After stroke, some people will experience vascular cognitive impairment (VCI). VCI is a condition where damage to the blood vessels of the brain leads to injury of brain tissue. VCI may be caused by stroke, tiny clots that block small blood vessels in the brain, bleeding from small blood vessels in the brain, or blood vessel wall disease, resulting in a lack of oxygen and damage to brain cells. 

VCI can cause symptoms that range from mild forgetfulness to more serious challenges with awareness, thinking, attention, memory, language, and executive functions like problem solving. The most serious form of VCI is called vascular dementia (VaD). Vascular dementia can cause difficulty with everyday activities like getting dressed and bathing. Vascular dementia and Alzheimer’s disease can share some similar signs and symptoms, can exist separately or together, but they are not the same condition. 

Areas of cognition that can be affected by stroke

Attention: Being able to concentrate for the time needed. You become easily distracted when performing a task – like getting dressed or eating take longer.  

Tips and strategies

  • Find a quiet space when you are trying to do something.
  • Turn off all distractions, such as radio or TV.
  • Keep clutter to a minimum.
  • Take your time and do a task one step at a time.

Orientation: Being aware of time, place and who you are. You may think it is time for bed right after breakfast. You may not be able to tell someone how old you are. You may not get lost in familiar surroundings.

Tips and strategies

  • Keep a calendar and cross off the days as they go by.
  • List the times for your daily activities and check them off once you finish.
  • Try to establish a routine, doing the same thing at the same time of day.

Memory: Being able to recall and remember experiences, information and skills. Stroke can affect your ability to learn new things or remember old information to help you with everyday tasks. You may forget the names of commonly used things. Or you might forget the exercise instructions you get from your physiotherapist.

Tips and strategies

  • Writing down important information in a journal can be helpful.
  • Put signs and labels on things you keep forgetting or want to remember.
  • Store items in the same place every time you use them.
  • Try memorizing the words to songs or poems you like.
  • Use on-line memory games.
  • Repeat information that you want to remember.

Sequencing: Being able to arrange things or perform actions in the right order. It may be hard to get a task started or remember what the next step is. This can cause trouble with things like getting dressed — for instance, forgetting to put socks on before shoes.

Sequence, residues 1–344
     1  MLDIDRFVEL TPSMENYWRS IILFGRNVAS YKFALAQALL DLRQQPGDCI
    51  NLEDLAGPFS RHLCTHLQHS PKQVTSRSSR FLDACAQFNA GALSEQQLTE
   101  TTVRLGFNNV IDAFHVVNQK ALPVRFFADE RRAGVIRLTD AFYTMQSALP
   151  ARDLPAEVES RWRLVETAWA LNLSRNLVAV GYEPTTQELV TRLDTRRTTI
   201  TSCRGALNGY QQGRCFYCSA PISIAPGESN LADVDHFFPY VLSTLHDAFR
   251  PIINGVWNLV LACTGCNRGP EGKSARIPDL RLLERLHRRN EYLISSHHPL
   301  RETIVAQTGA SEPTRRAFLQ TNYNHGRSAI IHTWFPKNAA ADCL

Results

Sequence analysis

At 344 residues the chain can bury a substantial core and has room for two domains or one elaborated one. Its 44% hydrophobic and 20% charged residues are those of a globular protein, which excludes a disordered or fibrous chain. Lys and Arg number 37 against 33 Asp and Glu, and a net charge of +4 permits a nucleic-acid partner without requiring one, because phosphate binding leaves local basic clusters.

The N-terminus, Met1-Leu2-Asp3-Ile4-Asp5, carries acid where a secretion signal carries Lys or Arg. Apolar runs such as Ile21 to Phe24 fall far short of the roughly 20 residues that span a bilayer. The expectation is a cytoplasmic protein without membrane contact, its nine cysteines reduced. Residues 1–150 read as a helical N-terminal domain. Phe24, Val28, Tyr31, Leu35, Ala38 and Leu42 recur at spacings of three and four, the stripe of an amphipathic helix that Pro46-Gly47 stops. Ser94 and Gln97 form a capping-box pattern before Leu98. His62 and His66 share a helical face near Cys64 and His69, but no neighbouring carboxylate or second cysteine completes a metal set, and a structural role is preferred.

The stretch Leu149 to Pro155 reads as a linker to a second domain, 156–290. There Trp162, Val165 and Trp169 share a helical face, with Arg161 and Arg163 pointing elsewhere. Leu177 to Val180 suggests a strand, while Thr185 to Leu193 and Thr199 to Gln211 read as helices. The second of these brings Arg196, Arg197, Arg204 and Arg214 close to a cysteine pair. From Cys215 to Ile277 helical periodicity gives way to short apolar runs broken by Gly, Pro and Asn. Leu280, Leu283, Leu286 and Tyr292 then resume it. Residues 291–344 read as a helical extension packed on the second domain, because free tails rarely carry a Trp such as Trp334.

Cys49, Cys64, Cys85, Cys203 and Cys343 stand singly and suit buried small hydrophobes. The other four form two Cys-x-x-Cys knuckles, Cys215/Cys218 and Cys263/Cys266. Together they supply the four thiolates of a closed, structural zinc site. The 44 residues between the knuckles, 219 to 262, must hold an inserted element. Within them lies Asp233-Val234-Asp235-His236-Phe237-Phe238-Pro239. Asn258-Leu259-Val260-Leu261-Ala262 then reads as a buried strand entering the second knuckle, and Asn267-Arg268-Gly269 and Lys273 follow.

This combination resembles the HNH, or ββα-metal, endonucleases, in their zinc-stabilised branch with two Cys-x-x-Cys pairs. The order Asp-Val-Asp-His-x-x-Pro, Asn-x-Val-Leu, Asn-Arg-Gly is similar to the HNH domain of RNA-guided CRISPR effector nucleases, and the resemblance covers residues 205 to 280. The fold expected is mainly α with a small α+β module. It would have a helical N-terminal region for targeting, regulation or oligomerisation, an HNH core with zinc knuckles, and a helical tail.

Tips and strategies

  • Break down a task into very short, numbered steps.
  • Follow the steps every time you need to do the task.
  • Write the steps down and keep them where you can see them.

Problem solving: Recognizing a problem and finding a reasonable solution. You may not realize that you are having trouble putting toothpaste on your brush because you have forgotten to take the cap off. Solving this problem requires memory skills, sequencing skills and insight.

Tips and strategies

  • Break the problem into small parts.
  • Brainstorm possible solutions.
  • Get family and friends to help if needed.
  • Practice solving problems with word and number puzzles. 

Insight and judgment: Knowing what we can do and understanding our limits; making good choices based on our understanding. You may not understand that you have poor balance and should ask for help when getting up. You may try to get up on your own and risk falling.

Tips and strategies

  • Discuss safety concerns with your healthcare team.
  • Make your home environment as safe as possible.
  • Post reminders such as: "Don’t stand up without help" and "Put on your coat when you go outside".

Impulsivity: Acting quickly, without thinking things through. You may get up quickly without locking the brakes on your mobility aid.

Tips and strategies

  • Slow down and take your time.
  • Ask for clear, specific instructions.
  • Divide tasks into smaller steps and take one step at a time.
Where to get support

Occupational therapists can help you adapt tasks to your abilities and share more tips and strategies to make them easier.

Talk to your healthcare team and your family and friends about your thinking skills. Let them know if you think you are having difficulties.

Related information

Stroke Engine: Cognitive Rehabilitation

Social and peer support

Attention impairments after stroke (video)

Organizing, planning and processing after stroke (video)

Memory impairments after stroke (video)

To find useful services to help you on your stroke journey, see our services and resources listing.